Michael rails on the term "easy" - and seems to argue that "easy" has no place in our dialog.
I once took a class on compiler dependence analysis from Michael, based on his excellent PhD work, published as "Optimizing Supercompilers for Supercomputers" in 1982. I need to go read over my class notes... but I'm pretty sure Michael told me he had some easy methods for loop dependence analysis, loop interchange, and distance computations... the phrase "you can easily see" still rings in my ears... so that easy term might be relative.
I believe what should be "hard" about programming is the algorithms and approaches for parallelism ("Think Parallel") not the method to write down the program.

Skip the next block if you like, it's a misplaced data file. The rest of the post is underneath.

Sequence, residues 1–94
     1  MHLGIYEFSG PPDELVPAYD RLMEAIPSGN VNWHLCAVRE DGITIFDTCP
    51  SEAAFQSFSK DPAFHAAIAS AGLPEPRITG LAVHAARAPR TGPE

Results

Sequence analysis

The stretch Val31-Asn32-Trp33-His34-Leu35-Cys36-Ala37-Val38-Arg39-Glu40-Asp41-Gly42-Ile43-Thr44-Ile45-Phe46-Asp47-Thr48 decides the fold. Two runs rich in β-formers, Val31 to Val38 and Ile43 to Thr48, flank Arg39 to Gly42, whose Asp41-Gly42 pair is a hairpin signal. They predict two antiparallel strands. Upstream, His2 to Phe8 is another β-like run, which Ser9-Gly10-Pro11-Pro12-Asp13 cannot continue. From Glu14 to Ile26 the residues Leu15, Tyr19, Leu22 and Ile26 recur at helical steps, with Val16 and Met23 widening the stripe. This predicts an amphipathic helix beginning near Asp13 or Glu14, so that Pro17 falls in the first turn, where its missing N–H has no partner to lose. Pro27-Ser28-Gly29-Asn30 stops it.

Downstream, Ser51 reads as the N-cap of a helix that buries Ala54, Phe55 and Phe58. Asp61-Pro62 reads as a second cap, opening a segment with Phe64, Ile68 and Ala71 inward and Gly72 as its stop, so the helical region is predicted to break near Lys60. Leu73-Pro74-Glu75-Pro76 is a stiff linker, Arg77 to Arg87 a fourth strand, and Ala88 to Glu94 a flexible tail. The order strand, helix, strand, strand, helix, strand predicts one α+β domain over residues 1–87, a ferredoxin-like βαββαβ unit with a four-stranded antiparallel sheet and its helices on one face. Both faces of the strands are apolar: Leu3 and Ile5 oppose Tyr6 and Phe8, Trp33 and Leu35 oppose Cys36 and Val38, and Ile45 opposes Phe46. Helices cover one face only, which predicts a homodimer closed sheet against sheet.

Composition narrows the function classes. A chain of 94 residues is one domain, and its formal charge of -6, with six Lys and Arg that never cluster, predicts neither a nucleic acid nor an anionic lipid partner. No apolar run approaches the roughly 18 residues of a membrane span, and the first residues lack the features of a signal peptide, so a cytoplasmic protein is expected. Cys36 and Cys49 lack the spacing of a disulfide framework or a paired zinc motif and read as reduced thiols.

Having an easy method to write express or debug a parallel program, can be quite different than making programming itself easy.
I'd just like tools to make my job as easy as they can. Good programming is not easy and parallel programming isn't going to be easier than regular programming.
Michael does conclude, what at times what seems to be a down beat article, with "I have confidence in the applications programmer's ability to develop algorithms and approaches to using parallelism."
No one says that is going to be easy if we haven't made programming easy for all.
5 Top Federal Initiatives For 2015As InformationWeek Government readers were busy firming up their fiscal year 2015 budgets, we asked them to rate more than 30 IT initiatives in terms of importance and current leadership focus. No surprise, among more than 30 options, security is No. 1. After that, things get less predictable.